There are two additional painters in the show, Anne Toebbe and James Kao as well as the artist Zakkiyyah Najeebah Dumas-O’Neal who is represented by a series of photographs and a drawing that asks “Did you Make it Home?”. Toebbe’s subjects are domestic interiors, rooms as pretty as a picture in an issue of Architectural Digest. The focus on the stuff that occupies these spaces have an almost terrifying clarity. Toebee avoids the look of both photographic and observed space, opting for a flattened decorative space more akin to a spatial dilemma of David Hockney’s work, an Egyptian wall painting or a Russian Icon painting. David Hockney is known to say “correct perspective is overrated”, and I’d have to agree. The perspectival choices in Toebbe’s paintings feel inspired and inspiring.
Kao’s drawings are the most mysterious in the room, they ask to be looked at closer. The color palettes used are harmonious, rhythmic and lure you in. The techniques in these pieces are varied and have an unpredictability, a search about them. With titles like “Escarpment”, “Limberlost”, “Range” and “The wind comes home” and perhaps because they are horizontal, they feel like landscapes even when they are not obviously such. I see unburdened exploration and perceptual play.
Dumas-O’Neal’s photos are also horizontal compositions, but these are apartment-scapes. A series of small black and white photos with text. If I see them as film stills with their yellow subtitles, I begin to get the sense of a translation happening from one language to another or one source to another. They are hung in a quiet recessed alcove space in the gallery.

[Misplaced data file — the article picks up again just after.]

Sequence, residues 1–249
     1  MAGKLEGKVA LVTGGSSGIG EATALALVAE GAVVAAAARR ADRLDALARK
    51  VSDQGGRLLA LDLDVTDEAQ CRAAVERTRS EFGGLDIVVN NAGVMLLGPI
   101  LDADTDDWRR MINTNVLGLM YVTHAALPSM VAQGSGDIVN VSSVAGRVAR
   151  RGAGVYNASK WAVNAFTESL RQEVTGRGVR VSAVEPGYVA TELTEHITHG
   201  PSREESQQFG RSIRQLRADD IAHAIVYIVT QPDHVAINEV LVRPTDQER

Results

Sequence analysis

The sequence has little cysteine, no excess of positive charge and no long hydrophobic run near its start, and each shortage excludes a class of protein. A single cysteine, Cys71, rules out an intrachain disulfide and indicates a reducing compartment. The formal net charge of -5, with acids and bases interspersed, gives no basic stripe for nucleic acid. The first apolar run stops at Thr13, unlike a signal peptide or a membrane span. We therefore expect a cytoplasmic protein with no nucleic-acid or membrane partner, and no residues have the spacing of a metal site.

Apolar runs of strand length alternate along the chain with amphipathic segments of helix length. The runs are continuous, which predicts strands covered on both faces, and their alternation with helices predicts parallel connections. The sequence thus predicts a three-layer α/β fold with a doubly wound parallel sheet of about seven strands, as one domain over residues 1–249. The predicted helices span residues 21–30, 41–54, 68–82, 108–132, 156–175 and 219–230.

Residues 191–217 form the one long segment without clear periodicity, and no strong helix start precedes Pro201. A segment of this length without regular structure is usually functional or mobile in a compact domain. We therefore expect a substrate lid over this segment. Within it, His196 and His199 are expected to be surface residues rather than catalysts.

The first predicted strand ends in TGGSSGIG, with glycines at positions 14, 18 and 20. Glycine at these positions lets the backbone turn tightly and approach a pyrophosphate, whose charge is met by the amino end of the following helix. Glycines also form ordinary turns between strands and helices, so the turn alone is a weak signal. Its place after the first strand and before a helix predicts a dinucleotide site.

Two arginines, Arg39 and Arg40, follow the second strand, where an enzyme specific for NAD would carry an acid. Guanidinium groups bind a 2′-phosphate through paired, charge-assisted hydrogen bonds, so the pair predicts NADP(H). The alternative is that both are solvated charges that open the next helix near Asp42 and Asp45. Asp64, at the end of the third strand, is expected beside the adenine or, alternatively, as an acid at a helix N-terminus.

How does one put together an exhibition after the whole world so recently had the tablecloth slipped out from under it? A mirror, a dish, a window answers with modesty, the work on the walls could all fit in a small suitcase, it is humble. Nothing yells out to you or shakes you out of the present. There is no sex, death, struggle or awe. It does have an air of nostalgia for simpler times, but not for a bygone era. Instead it seems to recall specifically the first phase of quarantine, that month and a half after Corona first arrived in the United States and everything was shutting down including our daily habits and affirmations that got us out of bed in the morning. Those first few weeks when fear and unknown guided the paused world, and if we had one, we were safe in our homes. Hypochondria aside, the allotted time if you had it was needed, even with the feelings of impending doom, we artists worked through it. In these early days, people on social media were so gentle and sweet, sharing artworks they admired, their love and support for artists. We were important all of a sudden, in times of sickness we found we exist! Instant messages and texts from friends and acquaintances checking in asking, “how are you doing”? We keep hearing the words tenderness, intimacy, reciprocity in the art world naturally as a counterbalance to the violence, death, shame and blame of the present state of our shook world, but are those words beginning to lose their meaning? A roommate in college and I used to lay in our beds and say words over and over again until they were drained of their meaning and became nonsensical sounds, we would laugh so hard our stomachs hurt. We laugh a little every time someone says unprecedented times, but aren’t they? Nothing is ordinary anymore.
A mirror, a dish, a window is by appointment only, reserve your date and time online before October 17th.